How to Hire Reliable Summer EmployeesWant a super summer staff? Follow these tips for getting, and keeping, better seasonal help.
Does your business peak in summer? If so, you’ll need more hands on deck. But finding reliable seasonal help can be tricky.
With a dearth of available young adults to hire (thanks to factors like early college start dates, summer school, and an increase in community service work and unpaid internships) and plenty of companies looking for summer help, you’ll need to be aggressive to find and attract the best talent.
Here, tips for rolling out the red carpet for the best and brightest.
“You can offer incentives to temporary employees, like discounts,” said Jared Saltz, a human resources coordinator and consultant. “For example, if you are a travel company, you can offer discounts on travel. A perk would be anything attractive to keeping staff.”
Angela Elder, vice president of certification at National Retail Federation, concurred. “Depending on the business, employee discounts are often very appreciated.”
Offering training is also attractive, especially to people who are looking to gain more hands-on experience in the working world. “Training can be an incentive itself,” said Saltz.
Elder added, “Consider an informal mentorship program, so younger talent have someone they can go to for questions, input, advice, and to learn more about the business as a whole versus just the job area they’ve been assigned.”
Offer room for growth
The promise of a job next summer and perhaps even a staff position one day may be the lure that tempts some young adults.
“Students move onto full-time jobs. If you have the availability for growth, that is what people are looking for,” said Saltz.
Ask yourself whether you like the person enough, and whether they have or could acquire the skill set you need, to keep them on in a more permanent position.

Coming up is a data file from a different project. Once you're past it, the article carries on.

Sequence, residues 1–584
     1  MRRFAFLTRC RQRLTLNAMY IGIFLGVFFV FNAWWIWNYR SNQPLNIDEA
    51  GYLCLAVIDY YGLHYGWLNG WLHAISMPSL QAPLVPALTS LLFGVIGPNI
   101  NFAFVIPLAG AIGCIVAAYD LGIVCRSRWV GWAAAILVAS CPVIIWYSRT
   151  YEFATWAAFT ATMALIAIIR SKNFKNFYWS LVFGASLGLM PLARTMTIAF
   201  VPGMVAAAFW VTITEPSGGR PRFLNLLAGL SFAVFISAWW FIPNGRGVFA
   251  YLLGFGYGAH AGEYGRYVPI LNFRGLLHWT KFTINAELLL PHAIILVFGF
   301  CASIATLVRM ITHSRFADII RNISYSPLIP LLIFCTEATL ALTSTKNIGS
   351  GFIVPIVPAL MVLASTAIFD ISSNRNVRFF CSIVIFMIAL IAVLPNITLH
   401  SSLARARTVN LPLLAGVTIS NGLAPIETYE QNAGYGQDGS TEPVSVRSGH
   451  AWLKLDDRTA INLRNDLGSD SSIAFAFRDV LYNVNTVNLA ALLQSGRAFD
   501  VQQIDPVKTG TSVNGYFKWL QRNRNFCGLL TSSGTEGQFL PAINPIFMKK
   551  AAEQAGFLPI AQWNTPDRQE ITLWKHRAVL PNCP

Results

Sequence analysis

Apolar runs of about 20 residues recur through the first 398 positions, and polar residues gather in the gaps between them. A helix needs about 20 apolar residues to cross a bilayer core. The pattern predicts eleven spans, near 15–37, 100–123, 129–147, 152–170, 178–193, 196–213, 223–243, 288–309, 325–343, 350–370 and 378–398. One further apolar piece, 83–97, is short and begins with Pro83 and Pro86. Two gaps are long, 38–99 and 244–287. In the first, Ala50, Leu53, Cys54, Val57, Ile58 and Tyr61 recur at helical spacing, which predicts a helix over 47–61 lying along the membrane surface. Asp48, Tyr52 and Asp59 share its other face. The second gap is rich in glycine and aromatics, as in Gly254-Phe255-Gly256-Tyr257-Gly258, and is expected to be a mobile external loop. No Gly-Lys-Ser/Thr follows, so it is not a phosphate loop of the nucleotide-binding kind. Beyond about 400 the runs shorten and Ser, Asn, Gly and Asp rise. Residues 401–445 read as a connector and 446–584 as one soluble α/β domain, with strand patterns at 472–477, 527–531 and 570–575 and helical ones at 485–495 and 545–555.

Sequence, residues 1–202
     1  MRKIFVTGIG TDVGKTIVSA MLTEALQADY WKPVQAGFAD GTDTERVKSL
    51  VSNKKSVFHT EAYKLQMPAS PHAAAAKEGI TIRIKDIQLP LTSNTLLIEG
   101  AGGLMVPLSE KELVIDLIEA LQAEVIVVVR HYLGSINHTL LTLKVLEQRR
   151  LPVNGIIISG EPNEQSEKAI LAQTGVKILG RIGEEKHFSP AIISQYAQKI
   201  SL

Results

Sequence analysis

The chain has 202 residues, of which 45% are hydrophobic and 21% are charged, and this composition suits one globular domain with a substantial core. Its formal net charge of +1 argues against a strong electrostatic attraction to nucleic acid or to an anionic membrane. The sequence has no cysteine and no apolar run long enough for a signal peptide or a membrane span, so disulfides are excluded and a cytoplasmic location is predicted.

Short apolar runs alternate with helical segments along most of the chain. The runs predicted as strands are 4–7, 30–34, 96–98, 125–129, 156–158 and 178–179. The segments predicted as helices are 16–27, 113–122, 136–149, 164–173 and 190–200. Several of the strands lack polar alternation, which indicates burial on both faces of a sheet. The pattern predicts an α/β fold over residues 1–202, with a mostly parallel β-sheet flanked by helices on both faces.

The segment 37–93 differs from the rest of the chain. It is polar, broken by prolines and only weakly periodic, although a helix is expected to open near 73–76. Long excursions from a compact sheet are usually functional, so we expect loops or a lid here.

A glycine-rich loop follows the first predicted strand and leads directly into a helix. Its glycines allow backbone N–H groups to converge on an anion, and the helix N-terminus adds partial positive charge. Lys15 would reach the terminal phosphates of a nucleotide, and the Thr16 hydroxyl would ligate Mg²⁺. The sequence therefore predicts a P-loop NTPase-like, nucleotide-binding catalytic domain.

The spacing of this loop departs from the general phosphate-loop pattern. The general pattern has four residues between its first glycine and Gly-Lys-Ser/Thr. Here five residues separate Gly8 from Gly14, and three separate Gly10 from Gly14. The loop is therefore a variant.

Be an employer of choice
Providing a positive and respectful environment and reliable work will help keep seasonal staff returning.
“Reliability is a big thing for college students, especially if they are getting income,” said Saltz. “They like the idea that if they can work at a place this summer, they can work there next summer.” When you make communication, teamwork and training a priority, students will want to continue working with you.
Extend a warm welcome
“Make employees feel like they are part of a community,” said Elder. “Have some organized activities for them to participate in, such as a pizza Friday — activities that involve free food are usually big hits, especially with younger talent.”
Maintain a database, and work the network
As employees leave at the end of the summer, hand out a short survey or conduct an exit interview to figure out who would want to return next year. “You would ask on the application, ‘Do you want to be contacted for the next season,’ and ask for their reasons why or why not,” said Saltz.
If the answer is no, pay attention to the explanation to see if you should modify the employment experience in some way next summer.
Create a database of the employees you hired, and keep in touch with the ones you liked throughout the year so you and your business stay top-of-mind as the next summer season approaches.
Perhaps most important, ask all departing summer employees whose work you valued to spread the word for next summer. “Even if this talent doesn’t come back the following year, their word of mouth goes a long way in getting others to consider working there,” said Elder.